Tuesday 14.8.2018 in Latest Developments in Côte d'Ivoire Country Page
Eleven rights groups say it's essential that new Côte d’Ivoire amnesty doesn't extend to those responsible for war crimes or crimes against humanity during 2010-11 post-election crisis. https://t.co/SGRexf3IGQ pic.twitter.com/qYV9rjFmC8— Kenneth Roth (@KenRoth) 9 augustus 2018
On 6th August 2018, President Alassane Ouattara announced he would grant amnesty to about 800 people who were convicted or accused of crimes during the 2010-2011 post-election violence. Violence erupted after the run-off presidential election on 28th November 2010 between the then incumbent President Laurent Gbagbo and Alassane Ouattara. Gbagbo refused to accept the results and to step down, leading to a campaign of violence, Reports note that the ensuing armed conflict left over 3,000 people dead, with crimes committed by both sides.
The recently announced amnesty, implemented in the name of national reconciliation, extends to the wife of ex-president Gbabo, Simone Gbagbo. Despite the announcement, Ouatarra has stated the amnesty will not apply for 60 military members or members of armed groups who committed 'blood crimes'. National and international human rights groups have stated their reservations, as many more than 60 people have committed blood crimes. The 11 CSOs, including Amnesty International, Coalition ivoirienne des défenseurs des droits humains (CIDDH; Ivorian Coalition of Human Rights Defenders) and Ligue ivoirienne des droits de l'Homme (LIDHO; Ivorian League of Human Right) called on the authorities to not grant amnesty to those responsible for crimes against humanity and war crimes. In a joint statement, they said:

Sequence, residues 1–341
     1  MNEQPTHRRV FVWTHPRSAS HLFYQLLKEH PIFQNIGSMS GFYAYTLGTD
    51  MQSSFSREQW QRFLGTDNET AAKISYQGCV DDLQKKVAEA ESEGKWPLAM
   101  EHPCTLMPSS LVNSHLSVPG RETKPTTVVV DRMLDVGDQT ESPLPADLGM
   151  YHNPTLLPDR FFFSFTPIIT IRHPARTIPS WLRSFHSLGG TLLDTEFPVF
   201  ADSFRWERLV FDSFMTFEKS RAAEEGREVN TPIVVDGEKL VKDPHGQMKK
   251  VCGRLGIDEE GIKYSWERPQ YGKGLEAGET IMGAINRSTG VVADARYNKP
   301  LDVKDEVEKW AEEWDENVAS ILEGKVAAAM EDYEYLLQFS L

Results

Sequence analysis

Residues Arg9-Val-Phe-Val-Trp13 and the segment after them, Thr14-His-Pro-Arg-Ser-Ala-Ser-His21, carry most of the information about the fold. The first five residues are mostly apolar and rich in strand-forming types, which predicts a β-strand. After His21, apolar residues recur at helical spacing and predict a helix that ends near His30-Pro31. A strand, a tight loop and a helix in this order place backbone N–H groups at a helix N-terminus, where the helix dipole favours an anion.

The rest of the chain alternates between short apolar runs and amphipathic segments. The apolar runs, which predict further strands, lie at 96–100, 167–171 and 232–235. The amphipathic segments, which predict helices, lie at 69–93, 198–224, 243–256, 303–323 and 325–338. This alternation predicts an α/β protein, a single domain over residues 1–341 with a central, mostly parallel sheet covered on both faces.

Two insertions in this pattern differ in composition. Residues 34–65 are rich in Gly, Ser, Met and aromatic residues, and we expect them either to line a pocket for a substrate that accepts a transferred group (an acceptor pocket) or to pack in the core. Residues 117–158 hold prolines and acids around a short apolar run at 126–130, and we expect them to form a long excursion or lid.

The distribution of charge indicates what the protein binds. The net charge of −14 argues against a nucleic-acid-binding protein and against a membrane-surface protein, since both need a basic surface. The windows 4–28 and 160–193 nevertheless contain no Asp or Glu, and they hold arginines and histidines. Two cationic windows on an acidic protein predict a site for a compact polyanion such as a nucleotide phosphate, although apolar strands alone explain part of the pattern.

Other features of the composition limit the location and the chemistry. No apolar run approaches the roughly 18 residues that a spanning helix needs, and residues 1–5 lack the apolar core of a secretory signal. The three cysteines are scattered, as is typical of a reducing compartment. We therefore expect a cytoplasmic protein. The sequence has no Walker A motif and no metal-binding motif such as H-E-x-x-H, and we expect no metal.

"To decide, after seven years of judicial proceedings involving hundreds of victims and alleged perpetrators, that only 60 people will face justice is not only an arbitrary decision but an act of disrespect to victims if it allows alleged perpetrators of war crimes and crimes humanity to escape prosecution."
During the six month long conflict, often fought along ethnic, political and religious lines, at least 3,000 civilians lost their lives and at least 150 women were raped. Laurent Gbagbo has been held in detention at the International Criminal Court (ICC) in The Hague for the past seven years and has been tried since 2016 on charges of crimes against humanity.
On 7th July 2018, unidentified perpetrators attacked and dispersed a peaceful assembly of the Korhogo local section of the political movement Rassemblement pour la Côte d'Ivoire (RACI), killing one person - Soro Kognon - and injuring at least ten people. Eleven human rights organisations strongly condemned the attack in a statement, saying it is a significant drawback to the democratic gains that have so far been achieved by the country. The platform Media for Change also considered the incident as a "serious infringement of the freedom of expression, association and assembly, as guaranteed by the Ivorian Constitution".